In California, tips belong to the employees. That means employers or their agents—i.e. managers—can’t take a portion of employee tips for themselves. This is known as a tip credit, and is unlawful.

Employers can, however, implement a tip pool policy under which employees pool their tips amongst each other. But even in a tip pool, the employer or agent cannot participate and take a share of the pool.

Example: Emma, a server, receives tips from customers. At the end of the night, the manager makes the servers put all their tips into a jar and then splits it among everyone equally, taking an equal portion for himself. This is wage theft, since the employer’s agent isn’t allowed to take a portion of employee tips.

Meal and Rest Breaks 

Most workers must receive a 30-minute unpaid meal break when working more than 5 hours per day, and an additional 30-minute meal break when working more than 12 hours per day. They must also receive a paid 10-minute rest period for every 4 hours worked.

These breaks must be uninterrupted, meaning an employer cannot ask or expect the employee to work during that break. If the employer does not provide a break, they must provide one hour of additional pay—called premium pay—for all meal breaks missed during a day, and one hour for all rest breaks missed during a day.

Example: Cecilia works as a cashier at a retail store. She is scheduled to work from 9 am to 5 pm. Because the day is particularly busy, her manager asks her to delay her meal break until after the customer rush subsides, which doesn’t happen until 2 in the afternoon. Because she took her meal break after 5 hours of work, she is entitled to one hour of premium pay. Additionally, because the line of customers at her cash registers doesn’t subside all morning and there are no other staff members to relieve her, Cecilia misses one of her 10-minute rest breaks. She is therefore entitled to another hour of premium pay for the missed rest break.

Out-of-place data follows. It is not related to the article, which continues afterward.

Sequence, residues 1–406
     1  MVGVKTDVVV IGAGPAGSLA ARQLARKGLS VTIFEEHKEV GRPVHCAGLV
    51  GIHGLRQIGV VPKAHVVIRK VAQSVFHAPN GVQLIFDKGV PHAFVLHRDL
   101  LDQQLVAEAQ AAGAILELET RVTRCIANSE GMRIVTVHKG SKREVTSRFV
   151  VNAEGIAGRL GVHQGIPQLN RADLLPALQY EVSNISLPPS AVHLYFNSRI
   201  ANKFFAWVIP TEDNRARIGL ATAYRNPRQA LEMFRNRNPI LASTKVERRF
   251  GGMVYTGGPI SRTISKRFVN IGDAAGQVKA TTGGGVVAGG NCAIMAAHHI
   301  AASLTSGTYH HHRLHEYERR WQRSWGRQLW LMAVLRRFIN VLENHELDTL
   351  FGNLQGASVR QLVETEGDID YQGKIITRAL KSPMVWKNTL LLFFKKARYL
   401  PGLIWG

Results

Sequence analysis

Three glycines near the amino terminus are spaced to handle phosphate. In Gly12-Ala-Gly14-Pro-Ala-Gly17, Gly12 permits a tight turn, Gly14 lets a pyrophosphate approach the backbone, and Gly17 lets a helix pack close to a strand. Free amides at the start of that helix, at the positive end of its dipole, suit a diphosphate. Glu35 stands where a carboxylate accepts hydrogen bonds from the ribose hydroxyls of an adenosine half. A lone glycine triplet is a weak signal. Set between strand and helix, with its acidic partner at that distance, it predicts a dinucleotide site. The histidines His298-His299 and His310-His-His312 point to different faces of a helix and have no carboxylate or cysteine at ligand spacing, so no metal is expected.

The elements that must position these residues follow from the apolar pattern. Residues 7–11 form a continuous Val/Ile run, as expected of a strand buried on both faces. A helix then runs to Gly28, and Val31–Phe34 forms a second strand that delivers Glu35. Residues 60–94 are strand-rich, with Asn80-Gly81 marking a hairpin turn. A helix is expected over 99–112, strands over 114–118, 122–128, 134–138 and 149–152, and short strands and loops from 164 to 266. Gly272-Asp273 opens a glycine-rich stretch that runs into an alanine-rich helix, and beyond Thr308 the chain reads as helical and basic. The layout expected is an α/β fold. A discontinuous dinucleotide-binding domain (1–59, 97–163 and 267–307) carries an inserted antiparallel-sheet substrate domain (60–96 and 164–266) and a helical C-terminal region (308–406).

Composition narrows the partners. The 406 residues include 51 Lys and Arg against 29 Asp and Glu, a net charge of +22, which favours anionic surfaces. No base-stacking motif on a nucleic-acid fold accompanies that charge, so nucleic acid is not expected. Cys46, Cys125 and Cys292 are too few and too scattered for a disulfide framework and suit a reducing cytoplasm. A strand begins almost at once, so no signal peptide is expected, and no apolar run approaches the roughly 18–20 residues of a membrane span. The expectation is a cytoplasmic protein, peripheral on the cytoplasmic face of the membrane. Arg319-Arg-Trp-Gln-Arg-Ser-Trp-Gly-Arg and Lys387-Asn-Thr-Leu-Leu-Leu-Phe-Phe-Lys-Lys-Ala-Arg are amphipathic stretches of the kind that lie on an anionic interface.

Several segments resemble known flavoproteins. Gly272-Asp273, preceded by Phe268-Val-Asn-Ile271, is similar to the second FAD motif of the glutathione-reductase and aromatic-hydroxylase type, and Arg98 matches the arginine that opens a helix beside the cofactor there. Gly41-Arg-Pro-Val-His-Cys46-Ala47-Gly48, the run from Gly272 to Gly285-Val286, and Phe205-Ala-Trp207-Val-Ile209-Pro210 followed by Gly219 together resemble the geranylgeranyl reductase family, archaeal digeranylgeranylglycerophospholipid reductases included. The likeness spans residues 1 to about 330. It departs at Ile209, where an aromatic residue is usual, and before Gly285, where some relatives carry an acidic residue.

Employers must generally reimburse employees for supplies reasonably necessary for the performance of their job. For employees who are required to drive their personal car, this includes mileage reimbursement (65.5 cents per mile in 2023). This can also include cell phone data plans for employees who have to use their personal cell phones, uniforms, and tools.

Remote or hybrid workers must similarly be reimbursed for necessary expenses they incur in order to perform their work from home, including, for example, computers and accessories and internet access.